Many current electrical devices are designed to operate with power supplied from a battery, where a coupling needs to exist between the power terminals of the battery and the power terminals of the electrical device in order for the electrical device to draw power from the battery. The coupling must account for the correct polarity of the different power terminals. For example, the positive power terminal of the battery must be connected to the positive power terminal of the electric device, while the negative power terminal of the battery must be connected to the negative power terminal of the electric device. An incorrect coupling that reverses the respective polarities of the power terminals could create a dangerous condition or damage the electrical device.

For some electrical devices, the battery can be pre-coupled to the electrical device during the manufacturing process. As an example, an uninterruptible power supply can be manufactured with a pre-coupled battery. In some situations, however, the electrical device can outlast the life of the battery, even if the battery is rechargeable, such that an end user might have to couple a replacement battery to the power terminals of the electric device. This normally requires the user to disconnect and reconnect one at a time at least the positive and negative power terminals of the battery and the electrical device. In such situations, a potential for damage exists if the user were to install the replacement battery incorrectly, such as by coupling terminals of opposite polarity together. A similar situation can also happen during the manufacturing process if the coupling were made by factory workers. These situations can become even more dangerous if the electrical device is coupled to a main power source while the replacement battery is installed because the user could be shocked if he incorrectly installed the replacement battery, and/or if he directly contacted the power terminals of the electric device.

Accordingly, a need exists for an electrical coupler system that restricts a battery from being coupled to an electrical device when the polarities of the respective power terminals of the battery and the electrical device are not properly aligned.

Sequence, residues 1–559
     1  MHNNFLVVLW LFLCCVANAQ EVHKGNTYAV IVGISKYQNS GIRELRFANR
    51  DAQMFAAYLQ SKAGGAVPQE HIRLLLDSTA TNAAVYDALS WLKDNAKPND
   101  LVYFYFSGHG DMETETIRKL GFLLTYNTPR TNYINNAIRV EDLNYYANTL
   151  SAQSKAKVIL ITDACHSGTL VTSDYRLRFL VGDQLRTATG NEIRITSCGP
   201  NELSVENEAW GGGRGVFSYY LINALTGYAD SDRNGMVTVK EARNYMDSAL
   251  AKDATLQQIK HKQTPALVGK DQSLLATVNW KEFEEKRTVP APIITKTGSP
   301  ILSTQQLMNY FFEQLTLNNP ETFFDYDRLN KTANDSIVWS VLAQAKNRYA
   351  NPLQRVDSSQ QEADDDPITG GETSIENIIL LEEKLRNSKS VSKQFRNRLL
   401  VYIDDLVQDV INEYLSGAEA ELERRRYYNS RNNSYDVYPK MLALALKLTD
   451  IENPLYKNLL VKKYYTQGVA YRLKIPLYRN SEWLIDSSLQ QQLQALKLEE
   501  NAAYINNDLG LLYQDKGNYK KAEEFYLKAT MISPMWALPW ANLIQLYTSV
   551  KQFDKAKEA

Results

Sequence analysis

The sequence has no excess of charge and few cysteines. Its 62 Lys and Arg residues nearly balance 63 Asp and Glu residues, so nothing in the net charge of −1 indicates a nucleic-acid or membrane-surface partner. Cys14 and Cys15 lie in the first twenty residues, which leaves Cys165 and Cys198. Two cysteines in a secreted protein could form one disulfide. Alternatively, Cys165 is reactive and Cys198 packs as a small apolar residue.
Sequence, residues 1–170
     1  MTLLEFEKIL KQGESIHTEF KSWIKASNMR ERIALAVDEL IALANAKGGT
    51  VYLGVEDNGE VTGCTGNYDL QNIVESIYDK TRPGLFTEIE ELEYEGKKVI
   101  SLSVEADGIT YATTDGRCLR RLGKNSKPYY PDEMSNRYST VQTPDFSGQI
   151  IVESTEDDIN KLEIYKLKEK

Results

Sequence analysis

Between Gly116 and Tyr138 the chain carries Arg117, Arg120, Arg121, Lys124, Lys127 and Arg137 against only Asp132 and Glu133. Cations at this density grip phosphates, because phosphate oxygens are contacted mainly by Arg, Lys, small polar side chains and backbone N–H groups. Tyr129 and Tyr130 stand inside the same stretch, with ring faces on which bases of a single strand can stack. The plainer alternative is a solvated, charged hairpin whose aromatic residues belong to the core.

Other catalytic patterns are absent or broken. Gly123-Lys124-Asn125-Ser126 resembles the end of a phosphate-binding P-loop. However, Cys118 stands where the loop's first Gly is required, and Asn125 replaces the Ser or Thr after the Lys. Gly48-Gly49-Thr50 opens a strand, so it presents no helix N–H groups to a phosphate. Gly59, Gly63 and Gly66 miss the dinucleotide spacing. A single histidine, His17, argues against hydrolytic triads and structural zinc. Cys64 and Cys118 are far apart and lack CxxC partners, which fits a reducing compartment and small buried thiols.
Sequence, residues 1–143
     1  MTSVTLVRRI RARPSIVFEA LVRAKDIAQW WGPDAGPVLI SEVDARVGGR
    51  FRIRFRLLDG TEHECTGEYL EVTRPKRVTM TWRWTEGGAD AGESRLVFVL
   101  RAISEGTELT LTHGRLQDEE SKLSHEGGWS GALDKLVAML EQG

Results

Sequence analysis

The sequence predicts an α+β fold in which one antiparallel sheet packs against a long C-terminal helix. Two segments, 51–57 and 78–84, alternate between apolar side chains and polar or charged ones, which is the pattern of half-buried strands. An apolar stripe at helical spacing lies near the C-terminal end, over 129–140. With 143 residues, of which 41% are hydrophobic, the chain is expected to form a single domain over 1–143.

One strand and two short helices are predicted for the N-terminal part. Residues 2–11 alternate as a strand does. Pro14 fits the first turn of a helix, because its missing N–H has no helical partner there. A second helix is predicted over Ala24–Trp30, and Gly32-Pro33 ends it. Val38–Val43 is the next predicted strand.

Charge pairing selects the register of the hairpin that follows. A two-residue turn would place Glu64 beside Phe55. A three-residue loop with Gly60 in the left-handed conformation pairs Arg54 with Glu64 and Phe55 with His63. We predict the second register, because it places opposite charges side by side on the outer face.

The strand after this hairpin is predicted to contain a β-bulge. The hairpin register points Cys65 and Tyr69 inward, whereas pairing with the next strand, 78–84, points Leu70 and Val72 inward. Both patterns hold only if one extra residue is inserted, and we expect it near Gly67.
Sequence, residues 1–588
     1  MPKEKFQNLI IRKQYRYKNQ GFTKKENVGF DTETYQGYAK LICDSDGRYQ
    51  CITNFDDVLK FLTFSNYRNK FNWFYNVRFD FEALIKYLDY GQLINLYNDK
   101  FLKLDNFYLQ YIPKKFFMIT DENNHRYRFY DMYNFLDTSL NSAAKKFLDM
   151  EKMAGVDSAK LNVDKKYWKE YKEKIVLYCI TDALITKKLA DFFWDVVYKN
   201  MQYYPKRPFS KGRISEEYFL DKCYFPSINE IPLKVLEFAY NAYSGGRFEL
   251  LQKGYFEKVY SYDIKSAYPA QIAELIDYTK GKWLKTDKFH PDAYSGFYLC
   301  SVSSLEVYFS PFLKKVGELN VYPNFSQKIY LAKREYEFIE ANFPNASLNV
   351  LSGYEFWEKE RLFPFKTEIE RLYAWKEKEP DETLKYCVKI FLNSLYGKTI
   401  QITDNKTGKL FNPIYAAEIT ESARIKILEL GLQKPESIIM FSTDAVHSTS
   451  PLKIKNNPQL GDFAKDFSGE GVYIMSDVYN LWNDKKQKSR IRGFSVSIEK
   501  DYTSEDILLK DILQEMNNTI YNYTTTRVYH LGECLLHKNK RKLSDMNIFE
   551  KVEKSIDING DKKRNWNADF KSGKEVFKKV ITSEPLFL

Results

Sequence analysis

BRIEF DESCRIPTION OF THE DRAWINGS

The invention will be better understood from a reading of the following detailed description of examples of embodiments, taken in conjunction with the accompanying figures in the drawings in which:

FIG. 1 illustrates a front view of a coupler bridge of a coupler system.

FIG. 2 illustrates a top, side, front isometric view of the coupler bridge of FIG. 1 aligned to couple with a battery.

FIG. 3 illustrates a side view of the coupler bridge of FIG. 1 in a mis-aligned position with respect to the battery of FIG. 2.

FIG. 4 illustrates a side view of the coupler bridge of FIG. 1 aligned to couple with the battery of FIG. 2.

FIG. 5 illustrates an isometric view of a coupler bridge similar to the coupler bridge of FIGS. 1-4.

FIG. 6 illustrates a flowchart for a method of manufacturing an electrical connector for a target terminal range of a battery.

For simplicity and clarity of illustration, the drawing figures illustrate the general manner of construction, and descriptions and details of well-known features and techniques may be omitted to avoid unnecessarily obscuring the invention. Additionally, elements in the drawing figures are not necessarily drawn to scale. For example, the dimensions of some of the elements in the figures may be exaggerated relative to other elements to help improve understanding of examples of embodiments. The same reference numerals in different figures denote the same elements.

The terms “first,” “second,” “third,” “fourth,” and the like in the description and in the claims, if any, are used for distinguishing between similar elements and not necessarily for describing a particular sequential or chronological order. It is to be understood that the terms so used are interchangeable under appropriate circumstances such that the embodiments of the invention described herein are, for example, capable of operation in sequences other than those illustrated or otherwise described herein. Furthermore, the terms “include,” and “have,” and any variations thereof, are intended to cover a non-exclusive inclusion, such that a process, method, article, or apparatus that comprises a list of elements is not necessarily limited to those elements, but may include other elements not expressly listed or inherent to such process, method, article, or apparatus.